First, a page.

As lovers of spring have done long since, I repeat the process and candy the stalks until they become tender; I then either slice the stems lengthwise, into short segments, or braid the long strands together before rolling them in finely ground sugar...They are excellent served like membrillo or marmalade with cheese and dessert platters... Like an herbal equivalent to candied ginger, candied angelica was often served as digestive at the end of feasts.
Throughout the growing season, but especially in spring and summer, I enjoy serving gin and tonics and other cocktails with straws made from thinner angelica stems. I also save the syrup that results from the candying process; it's an amazing herbal elixir to add into cocktails or serve atop vanilla ice cream.
John's book is 264 pages of marvelous garden essays and beautiful botanical art about traditional plants and skills for the modern gardener.
1805 Birth of Robert Buist (botanist) is born.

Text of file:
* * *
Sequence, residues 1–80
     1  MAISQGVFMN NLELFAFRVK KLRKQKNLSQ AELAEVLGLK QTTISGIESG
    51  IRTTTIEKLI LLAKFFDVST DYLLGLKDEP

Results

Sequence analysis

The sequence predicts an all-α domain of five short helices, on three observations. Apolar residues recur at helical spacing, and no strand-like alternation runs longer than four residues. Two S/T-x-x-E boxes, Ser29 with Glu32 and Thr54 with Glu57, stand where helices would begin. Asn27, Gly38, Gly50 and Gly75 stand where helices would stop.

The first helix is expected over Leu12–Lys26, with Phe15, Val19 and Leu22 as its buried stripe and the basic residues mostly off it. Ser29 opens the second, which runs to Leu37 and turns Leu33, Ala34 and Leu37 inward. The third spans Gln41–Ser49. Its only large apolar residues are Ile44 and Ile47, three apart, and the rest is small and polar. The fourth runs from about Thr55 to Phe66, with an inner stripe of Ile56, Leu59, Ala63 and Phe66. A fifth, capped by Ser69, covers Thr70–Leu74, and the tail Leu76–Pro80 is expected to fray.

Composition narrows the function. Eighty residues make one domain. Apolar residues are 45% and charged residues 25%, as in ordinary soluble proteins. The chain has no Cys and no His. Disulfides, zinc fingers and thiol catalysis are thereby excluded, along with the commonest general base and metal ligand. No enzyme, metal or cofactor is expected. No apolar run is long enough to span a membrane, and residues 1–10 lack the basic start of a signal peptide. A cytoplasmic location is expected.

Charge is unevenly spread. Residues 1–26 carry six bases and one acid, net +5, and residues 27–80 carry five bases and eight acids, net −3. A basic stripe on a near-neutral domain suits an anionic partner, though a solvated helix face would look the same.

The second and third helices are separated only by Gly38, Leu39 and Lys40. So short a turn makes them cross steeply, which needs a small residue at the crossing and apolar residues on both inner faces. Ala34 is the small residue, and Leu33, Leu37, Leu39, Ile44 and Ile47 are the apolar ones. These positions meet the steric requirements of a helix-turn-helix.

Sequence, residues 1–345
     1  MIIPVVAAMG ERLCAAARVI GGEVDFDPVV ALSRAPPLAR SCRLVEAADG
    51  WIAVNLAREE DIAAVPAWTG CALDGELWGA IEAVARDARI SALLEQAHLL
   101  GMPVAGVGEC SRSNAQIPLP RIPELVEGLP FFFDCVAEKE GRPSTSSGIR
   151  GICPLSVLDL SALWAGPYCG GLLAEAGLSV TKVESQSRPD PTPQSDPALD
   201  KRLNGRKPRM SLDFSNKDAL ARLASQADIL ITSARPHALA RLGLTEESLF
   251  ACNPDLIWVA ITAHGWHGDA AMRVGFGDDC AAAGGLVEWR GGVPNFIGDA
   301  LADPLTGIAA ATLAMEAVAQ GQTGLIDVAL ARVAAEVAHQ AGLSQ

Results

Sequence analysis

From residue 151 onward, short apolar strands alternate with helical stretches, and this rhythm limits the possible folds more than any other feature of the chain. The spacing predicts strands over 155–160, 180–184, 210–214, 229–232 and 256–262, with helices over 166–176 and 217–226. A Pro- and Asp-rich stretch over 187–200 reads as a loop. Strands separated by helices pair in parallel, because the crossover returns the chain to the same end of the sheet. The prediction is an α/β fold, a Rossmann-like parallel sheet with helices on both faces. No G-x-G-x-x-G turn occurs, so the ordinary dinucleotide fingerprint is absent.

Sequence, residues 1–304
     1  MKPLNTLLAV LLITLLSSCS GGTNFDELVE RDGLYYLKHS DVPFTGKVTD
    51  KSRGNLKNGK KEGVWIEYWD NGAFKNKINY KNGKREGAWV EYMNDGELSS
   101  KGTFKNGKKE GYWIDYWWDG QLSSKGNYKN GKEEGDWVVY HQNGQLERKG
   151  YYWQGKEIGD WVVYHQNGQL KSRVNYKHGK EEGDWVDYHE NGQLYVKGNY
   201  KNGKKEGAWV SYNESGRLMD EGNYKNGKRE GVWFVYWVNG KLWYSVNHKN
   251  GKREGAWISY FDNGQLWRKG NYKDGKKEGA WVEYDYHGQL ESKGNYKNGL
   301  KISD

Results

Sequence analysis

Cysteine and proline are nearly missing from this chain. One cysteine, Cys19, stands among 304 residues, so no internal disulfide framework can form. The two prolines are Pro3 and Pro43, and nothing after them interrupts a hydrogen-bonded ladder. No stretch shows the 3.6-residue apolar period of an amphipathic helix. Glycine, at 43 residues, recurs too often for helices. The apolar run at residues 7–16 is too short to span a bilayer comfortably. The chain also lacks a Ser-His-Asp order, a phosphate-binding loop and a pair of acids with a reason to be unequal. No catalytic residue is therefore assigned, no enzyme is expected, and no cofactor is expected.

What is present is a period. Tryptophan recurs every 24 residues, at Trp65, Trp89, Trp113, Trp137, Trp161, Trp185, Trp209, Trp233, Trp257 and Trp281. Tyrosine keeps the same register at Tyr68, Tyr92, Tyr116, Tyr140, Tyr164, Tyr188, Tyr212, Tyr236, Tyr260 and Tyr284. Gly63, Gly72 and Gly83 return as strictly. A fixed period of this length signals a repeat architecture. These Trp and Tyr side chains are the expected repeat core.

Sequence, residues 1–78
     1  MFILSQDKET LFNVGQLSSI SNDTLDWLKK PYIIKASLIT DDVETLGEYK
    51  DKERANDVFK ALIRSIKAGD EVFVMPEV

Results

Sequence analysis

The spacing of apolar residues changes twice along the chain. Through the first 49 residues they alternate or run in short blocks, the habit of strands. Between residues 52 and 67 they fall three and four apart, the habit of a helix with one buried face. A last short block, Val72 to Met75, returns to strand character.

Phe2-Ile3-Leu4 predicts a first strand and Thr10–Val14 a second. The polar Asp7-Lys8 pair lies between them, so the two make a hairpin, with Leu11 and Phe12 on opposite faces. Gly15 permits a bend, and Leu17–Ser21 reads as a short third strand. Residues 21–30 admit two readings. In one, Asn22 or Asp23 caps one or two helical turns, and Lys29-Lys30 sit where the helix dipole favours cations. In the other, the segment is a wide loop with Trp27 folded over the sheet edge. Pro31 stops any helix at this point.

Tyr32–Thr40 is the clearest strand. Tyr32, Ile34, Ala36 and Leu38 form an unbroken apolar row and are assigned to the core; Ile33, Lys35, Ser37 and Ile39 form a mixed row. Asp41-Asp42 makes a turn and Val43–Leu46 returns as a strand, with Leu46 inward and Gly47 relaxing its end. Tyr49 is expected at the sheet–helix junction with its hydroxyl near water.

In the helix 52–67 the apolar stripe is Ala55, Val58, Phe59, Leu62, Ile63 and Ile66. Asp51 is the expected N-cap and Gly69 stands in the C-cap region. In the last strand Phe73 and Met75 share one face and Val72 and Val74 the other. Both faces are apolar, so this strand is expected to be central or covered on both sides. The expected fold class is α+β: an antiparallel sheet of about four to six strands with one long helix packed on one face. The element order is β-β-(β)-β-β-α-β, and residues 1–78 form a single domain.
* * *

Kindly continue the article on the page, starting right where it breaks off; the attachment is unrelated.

Robert Buist came to America from Edinburgh "Edinburgh," where his dad was a professional gardener. He had trained at the Royal Botanic Garden Edinburgh and immigrated to Philadelphia when he was 23.
One of his first jobs was working for a wealthy Philadelphia businessman named Henry Pratt, who had a tremendous summer estate named Lemon Hill. At the time, Lemon Hill was regarded as having one of the most beautiful gardens in the United States.
Eventually, Buist bought the history Bernard McMahon nursery - one of the oldest nurseries in the country and the nursery that supplied plants to President Thomas Jefferson.
Today, on the spot where the nursery used to be, is a large old Sophora tree known as the Buist Sophora. The tree was brought to the United States from France, and its origin can be traced to China.